Title

Molecular magnetic resonance contrast agents for the detection of cancer: past and present

UMMS Affiliation

Department of Radiology

Date

2-2011

Document Type

Article

Medical Subject Headings

Contrast Media; Humans; Magnetic Resonance Imaging; Molecular Imaging; Molecular Probes; Neoplasms

Disciplines

Diagnosis | Equipment and Supplies | Investigative Techniques | Neoplasms | Radiology

Abstract

Magnetic resonance imaging (MRI) is a powerful diagnostic tool with unsurpassed spatial resolution that is capable of providing detailed information about the structure and composition of tumors. The use of exogenously administered contrast agents allows compartment-specific enhancement of tumors, enabling imaging of functional blood and interstitial volumes. Current efforts are directed at enhancing the capabilities of MRI in oncology by adding contrast agents with molecular specificities to the growing armamentarium of diagnostic probes that produce signal by changing local proton relaxation times as a consequence of specific contrast agent binding to cell surface receptors or extracellular matrix components. We review herein the most notable examples, illustrating major trends in the development of specific probes for high-resolution imaging in molecular oncology.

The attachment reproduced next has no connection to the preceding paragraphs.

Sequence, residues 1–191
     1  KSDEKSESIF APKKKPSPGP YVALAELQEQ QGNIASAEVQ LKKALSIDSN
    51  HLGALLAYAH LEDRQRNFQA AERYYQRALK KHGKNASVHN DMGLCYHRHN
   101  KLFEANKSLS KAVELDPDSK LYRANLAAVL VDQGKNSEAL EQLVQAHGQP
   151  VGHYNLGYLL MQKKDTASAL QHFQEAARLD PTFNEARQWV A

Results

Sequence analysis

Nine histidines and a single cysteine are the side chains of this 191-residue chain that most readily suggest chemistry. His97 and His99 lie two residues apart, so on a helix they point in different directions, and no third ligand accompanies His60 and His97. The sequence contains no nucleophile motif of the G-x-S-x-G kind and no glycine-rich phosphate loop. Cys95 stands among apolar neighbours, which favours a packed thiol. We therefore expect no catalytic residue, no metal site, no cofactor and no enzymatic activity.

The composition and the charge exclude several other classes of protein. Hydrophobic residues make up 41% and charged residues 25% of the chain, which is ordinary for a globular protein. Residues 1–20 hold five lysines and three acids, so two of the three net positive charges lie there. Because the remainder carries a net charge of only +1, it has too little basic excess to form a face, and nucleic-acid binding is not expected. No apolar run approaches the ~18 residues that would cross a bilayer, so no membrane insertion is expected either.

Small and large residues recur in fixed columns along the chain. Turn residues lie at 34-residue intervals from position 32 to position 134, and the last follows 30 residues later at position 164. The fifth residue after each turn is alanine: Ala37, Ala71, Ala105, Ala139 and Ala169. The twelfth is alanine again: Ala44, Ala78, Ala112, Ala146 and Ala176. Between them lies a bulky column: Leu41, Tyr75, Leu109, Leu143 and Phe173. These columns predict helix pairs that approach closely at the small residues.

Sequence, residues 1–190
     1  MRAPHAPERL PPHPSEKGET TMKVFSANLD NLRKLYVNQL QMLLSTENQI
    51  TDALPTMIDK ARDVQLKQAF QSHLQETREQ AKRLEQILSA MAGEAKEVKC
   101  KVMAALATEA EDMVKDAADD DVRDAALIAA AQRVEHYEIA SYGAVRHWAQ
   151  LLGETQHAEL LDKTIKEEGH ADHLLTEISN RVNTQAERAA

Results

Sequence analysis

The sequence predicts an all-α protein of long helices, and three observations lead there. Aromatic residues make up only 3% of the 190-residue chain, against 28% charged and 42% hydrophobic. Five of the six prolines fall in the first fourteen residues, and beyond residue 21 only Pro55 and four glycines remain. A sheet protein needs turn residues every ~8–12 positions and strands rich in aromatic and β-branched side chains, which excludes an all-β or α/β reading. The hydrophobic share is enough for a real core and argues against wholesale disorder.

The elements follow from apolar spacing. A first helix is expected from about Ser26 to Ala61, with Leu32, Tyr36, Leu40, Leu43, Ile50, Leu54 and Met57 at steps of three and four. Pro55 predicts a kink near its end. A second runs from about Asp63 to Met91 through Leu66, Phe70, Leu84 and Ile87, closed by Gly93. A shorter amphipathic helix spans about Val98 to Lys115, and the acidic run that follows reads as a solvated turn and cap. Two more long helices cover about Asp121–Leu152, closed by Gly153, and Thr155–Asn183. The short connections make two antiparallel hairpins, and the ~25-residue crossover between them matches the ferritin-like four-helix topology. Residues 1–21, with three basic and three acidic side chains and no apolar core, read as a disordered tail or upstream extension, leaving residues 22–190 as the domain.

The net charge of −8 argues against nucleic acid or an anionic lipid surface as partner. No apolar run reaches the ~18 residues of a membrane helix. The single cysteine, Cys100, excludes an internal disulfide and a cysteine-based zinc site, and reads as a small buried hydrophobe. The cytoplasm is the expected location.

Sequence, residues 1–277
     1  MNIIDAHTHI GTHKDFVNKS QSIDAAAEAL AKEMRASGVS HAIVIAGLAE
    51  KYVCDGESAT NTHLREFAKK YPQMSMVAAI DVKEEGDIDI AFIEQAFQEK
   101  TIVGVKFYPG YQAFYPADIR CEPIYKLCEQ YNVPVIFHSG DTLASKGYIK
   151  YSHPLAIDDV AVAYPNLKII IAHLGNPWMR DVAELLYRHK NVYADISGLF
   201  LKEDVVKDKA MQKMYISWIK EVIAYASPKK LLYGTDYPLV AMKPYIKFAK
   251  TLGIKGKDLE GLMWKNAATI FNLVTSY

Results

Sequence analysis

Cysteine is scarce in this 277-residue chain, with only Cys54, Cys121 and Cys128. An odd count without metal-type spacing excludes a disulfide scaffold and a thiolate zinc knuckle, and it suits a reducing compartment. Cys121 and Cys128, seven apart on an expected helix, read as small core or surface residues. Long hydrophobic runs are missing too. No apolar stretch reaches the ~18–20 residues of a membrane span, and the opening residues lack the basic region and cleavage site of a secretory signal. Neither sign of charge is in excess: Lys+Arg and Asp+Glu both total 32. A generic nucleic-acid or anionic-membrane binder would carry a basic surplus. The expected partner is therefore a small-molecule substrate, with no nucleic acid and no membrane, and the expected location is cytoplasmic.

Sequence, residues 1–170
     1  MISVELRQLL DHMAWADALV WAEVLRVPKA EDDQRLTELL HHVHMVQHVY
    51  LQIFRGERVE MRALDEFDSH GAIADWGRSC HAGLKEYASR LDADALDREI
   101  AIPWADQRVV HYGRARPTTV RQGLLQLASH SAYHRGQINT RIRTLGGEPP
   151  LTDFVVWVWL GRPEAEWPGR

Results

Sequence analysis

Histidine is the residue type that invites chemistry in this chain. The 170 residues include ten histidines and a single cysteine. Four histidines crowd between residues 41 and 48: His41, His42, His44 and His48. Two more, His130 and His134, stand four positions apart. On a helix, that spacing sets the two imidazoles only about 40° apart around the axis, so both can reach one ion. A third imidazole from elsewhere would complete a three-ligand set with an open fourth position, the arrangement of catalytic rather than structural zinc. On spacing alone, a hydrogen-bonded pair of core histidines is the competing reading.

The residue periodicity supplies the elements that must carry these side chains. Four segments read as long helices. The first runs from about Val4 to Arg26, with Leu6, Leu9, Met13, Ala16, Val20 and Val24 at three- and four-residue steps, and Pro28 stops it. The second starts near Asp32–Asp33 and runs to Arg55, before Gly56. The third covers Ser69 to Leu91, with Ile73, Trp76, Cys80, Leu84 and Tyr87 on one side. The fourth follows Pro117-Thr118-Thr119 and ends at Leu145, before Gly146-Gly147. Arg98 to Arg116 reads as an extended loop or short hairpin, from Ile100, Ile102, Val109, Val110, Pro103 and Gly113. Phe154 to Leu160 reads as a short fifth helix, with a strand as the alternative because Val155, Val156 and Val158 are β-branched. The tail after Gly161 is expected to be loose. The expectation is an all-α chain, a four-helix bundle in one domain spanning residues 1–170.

Rights and Permissions

Citation: Semin Oncol. 2011 Feb;38(1):42-54. doi: 10.1053/j.seminoncol.2010.11.002. Link to article on publisher's site

Related Resources

Link to Article in PubMed

PubMed ID

21362515